Sleep, tiredness and fatigue

We all feel tired from time to time, but if you feel tired most of the time, you might have fatigue.

This information looks at how sleep and epilepsy can affect each other, and gives some suggestions for managing tiredness and fatigue.

Woman wearing pajamas sitting on a bed
Looking for information on sleep seizures?

Epilepsy Action has more information about seizures that happen during sleep.

Epilepsy and fatigue

The links between sleep and epilepsy are complex. Seizures in your sleep, or when you are awake, can have a big effect on your body afterwards and cause you to feel extremely tired. For some people, lack of sleep can also be a seizure trigger, which can lead to a negative cycle.

Fatigue is a feeling of overwhelming tiredness, weakness or exhaustion that can be mental, physical or both. When you have epilepsy, you are more likely to be affected by fatigue than other people.

Having disrupted sleep, because of seizures or the effect of epilepsy medicines, makes fatigue more likely. You are also at more risk of having fatigue if you are depressed.

Epilepsy Action has more information about having seizures in your sleep if you think this could be a cause of your fatigue.

Side effects of epilepsy treatments on sleep

Studies suggest that certain epilepsy treatments may help sleep, while others could make it worse. So it’s important to talk to your doctor if you have sleep problems.

Most people with epilepsy take epilepsy medicines to control their seizures and these can have side effects. These might include difficulty getting to sleep, difficulty staying asleep, or might cause you to be very tired during the day.

If you think your epilepsy medicine is causing side effects, talk to your doctor or epilepsy nurse as they may be able to help. They may be able to suggest a different medicine with fewer side effects related to sleep. Or they may be able to suggest a different routine for taking your medicine so it has less impact on your sleeping pattern.

It’s important to always speak to your healthcare team before making any changes to your epilepsy medicines.

Sleep disorders

People with epilepsy have a higher chance of also having a ‘sleep disorder’ than people who don’t have epilepsy.  Sleep disorders or disturbances can affect your seizure patterns because broken sleep and tiredness trigger seizures for some people. Sometimes it’s hard to tell if your disturbed sleep is related to your epilepsy, or because you also have a separate sleep disorder.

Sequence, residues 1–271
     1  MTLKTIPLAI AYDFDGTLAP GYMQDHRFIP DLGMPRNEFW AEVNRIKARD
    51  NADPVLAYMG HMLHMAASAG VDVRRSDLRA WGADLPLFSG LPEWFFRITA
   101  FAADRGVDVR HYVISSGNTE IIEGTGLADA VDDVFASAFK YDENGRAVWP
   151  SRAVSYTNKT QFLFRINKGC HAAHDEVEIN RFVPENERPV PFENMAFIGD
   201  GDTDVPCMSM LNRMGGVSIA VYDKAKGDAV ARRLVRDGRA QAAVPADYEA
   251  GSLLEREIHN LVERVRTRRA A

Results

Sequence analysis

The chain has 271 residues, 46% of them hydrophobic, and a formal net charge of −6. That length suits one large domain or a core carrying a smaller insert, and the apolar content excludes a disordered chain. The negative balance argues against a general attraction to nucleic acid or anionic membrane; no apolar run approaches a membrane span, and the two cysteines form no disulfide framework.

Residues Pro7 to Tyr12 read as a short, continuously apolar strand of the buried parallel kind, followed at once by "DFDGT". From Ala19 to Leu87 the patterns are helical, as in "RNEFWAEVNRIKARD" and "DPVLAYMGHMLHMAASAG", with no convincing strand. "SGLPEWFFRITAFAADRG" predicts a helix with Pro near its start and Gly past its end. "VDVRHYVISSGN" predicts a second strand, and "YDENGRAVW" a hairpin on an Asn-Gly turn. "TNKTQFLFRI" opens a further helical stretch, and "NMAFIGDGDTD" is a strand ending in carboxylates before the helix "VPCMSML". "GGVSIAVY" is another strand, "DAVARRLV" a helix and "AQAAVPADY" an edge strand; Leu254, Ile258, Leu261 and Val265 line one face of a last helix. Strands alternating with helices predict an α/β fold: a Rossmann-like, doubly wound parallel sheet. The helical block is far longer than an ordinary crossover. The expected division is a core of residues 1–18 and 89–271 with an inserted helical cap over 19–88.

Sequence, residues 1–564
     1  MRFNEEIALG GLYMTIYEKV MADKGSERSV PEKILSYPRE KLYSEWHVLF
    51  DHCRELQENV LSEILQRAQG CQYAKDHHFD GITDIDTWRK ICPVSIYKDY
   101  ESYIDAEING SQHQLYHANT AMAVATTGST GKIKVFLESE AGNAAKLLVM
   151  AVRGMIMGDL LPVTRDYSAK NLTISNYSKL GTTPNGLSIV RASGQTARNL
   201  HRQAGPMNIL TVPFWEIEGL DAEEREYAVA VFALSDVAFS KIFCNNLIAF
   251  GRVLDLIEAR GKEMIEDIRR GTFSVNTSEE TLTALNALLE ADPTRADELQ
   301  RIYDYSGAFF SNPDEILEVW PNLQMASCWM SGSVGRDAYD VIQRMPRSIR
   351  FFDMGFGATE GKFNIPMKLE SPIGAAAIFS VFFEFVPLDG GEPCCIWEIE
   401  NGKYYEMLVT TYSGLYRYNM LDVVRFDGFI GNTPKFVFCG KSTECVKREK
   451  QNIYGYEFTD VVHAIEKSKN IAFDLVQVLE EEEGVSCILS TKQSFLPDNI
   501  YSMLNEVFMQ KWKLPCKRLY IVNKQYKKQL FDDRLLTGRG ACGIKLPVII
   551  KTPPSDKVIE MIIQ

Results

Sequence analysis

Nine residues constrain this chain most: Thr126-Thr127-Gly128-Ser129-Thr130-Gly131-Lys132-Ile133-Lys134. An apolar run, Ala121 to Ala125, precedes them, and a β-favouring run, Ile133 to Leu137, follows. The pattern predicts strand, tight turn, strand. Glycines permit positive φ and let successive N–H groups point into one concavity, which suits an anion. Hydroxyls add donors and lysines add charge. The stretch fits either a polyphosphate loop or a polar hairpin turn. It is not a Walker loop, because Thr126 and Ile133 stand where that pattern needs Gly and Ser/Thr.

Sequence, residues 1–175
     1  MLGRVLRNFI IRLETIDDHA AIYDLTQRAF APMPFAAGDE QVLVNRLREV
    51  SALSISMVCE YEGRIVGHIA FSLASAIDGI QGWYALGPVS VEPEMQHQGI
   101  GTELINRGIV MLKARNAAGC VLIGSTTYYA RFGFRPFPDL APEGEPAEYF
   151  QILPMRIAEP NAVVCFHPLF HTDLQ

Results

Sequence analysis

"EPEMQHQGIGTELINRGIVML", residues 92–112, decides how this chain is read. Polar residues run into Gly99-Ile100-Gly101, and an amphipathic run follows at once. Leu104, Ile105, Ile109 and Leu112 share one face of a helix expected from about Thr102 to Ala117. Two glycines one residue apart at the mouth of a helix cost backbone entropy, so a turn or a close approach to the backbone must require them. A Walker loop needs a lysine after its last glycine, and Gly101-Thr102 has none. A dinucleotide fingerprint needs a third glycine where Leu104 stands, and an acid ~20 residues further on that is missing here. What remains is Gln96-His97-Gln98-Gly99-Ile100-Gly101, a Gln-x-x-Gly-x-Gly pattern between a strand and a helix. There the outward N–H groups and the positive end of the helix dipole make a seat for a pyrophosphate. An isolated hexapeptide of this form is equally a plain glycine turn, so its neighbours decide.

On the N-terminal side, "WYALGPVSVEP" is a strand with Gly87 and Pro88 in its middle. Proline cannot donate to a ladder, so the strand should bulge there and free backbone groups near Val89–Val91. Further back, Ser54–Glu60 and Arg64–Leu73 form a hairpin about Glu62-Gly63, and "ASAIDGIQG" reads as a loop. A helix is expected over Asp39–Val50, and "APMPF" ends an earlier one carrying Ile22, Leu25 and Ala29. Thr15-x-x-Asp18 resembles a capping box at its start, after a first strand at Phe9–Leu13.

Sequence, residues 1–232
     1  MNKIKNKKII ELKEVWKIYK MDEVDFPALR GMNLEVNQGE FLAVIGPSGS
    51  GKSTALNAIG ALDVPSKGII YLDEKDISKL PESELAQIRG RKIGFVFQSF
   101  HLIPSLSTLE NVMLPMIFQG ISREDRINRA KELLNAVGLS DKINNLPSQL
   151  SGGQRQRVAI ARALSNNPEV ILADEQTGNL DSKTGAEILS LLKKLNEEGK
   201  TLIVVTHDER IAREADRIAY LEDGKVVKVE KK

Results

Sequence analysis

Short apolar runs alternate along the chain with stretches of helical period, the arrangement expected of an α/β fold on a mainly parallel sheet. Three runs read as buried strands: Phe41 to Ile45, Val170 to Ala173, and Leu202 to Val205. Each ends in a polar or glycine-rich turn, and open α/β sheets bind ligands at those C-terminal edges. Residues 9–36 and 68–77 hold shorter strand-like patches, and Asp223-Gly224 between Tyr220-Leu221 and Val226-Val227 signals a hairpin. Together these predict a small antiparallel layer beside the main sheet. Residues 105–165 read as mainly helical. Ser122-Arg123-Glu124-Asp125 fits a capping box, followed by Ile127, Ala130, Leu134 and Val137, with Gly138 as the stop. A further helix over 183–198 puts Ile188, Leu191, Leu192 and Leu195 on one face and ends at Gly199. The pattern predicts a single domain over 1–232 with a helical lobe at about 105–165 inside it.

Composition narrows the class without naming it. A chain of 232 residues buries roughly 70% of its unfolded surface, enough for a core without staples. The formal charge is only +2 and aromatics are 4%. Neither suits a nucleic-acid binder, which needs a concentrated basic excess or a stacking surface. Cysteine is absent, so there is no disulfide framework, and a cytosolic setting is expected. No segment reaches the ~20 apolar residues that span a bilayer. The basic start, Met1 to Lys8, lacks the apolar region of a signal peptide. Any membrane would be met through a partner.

There’s more information about these sleep disorders on the NHS website:

Sleep problems can have a big impact on your life. If there’s a possibility that you have a sleep disorder, your doctor might be able to advise you on how to improve your sleep and might refer you for a sleep study. Sleep studies can take different forms and can help to show exactly what problems you’re having while you’re asleep.

Treating sleep problems

Your doctor or epilepsy specialist can help try to find the cause of your sleep problems and if needed, suggest possible changes to your epilepsy treatment.

If you also have a sleep disorder, there may be other treatments that your specialist may recommend, such as:

Managing tiredness and fatigue

The NHS website has some general advice to help everyone with tiredness and fatigue:

Eat regularly

Eating smaller regular meals, with healthy snacks in between can help to keep your energy levels up.

Get active

Regular physical activity can help you feel less tired over time. If you’re not used to exercising, start with small amounts of gentle exercise and build up slowly. Even a 15-minute walk can give you an energy boost.

Lose weight

If you’re overweight, gradually losing weight can help you have much more energy. Being overweight can also put a strain on your heart which can make you more tired.

Reduce stress to boost energy

Stress uses up a lot of energy. Try to do something relaxing every day. You could try yoga, listening to music, reading, or spending time with friends. Whatever relaxes you will improve your energy.

Ask your GP about talking therapies

There’s evidence that talking therapies can help some people with fatigue.

Cut down on caffeine and alcohol

Drinking too many drinks containing caffeine (such as coffee, tea, cola and energy drinks) can make it harder to get a good night’s sleep. It’s usually best to cut down gradually over a few weeks while your body gets used to this. Drinking alcohol before bed can make you sleep less deeply, so you’ll feel more tired in the morning.

Have a good sleep routine

There are some suggestions to help with this:

  • Try to follow a relaxing bedtime routine and go to bed and get up at the same time each day
  • Take some time to properly relax before going to bed. You could read a book, listen to relaxing music or meditate
  • Avoid drinks containing caffeine late in the day
  • If things are on your mind, you might find writing them down to deal with tomorrow could help
  • Avoid watching TV or using devices before bed
  • Create a good environment that is dark, quiet and a comfortable temperature
  • Have a comfortable bed with a supportive mattress
  • If you can’t sleep, you might find it helpful to get up for a short time. After doing something relaxing, you should feel tired enough to go to bed again

We have more information on complementary treatments that may help with relaxation.

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This information has been produced under the terms of the PIF TICK. The PIF TICK is the UK-wide Quality Mark for Health Information. Please contact if you would like a reference list for this information.
Published: July 2023
Last modified: May 2024
To be reviewed: July 2026
Tracking: L025.06 (previously B154)
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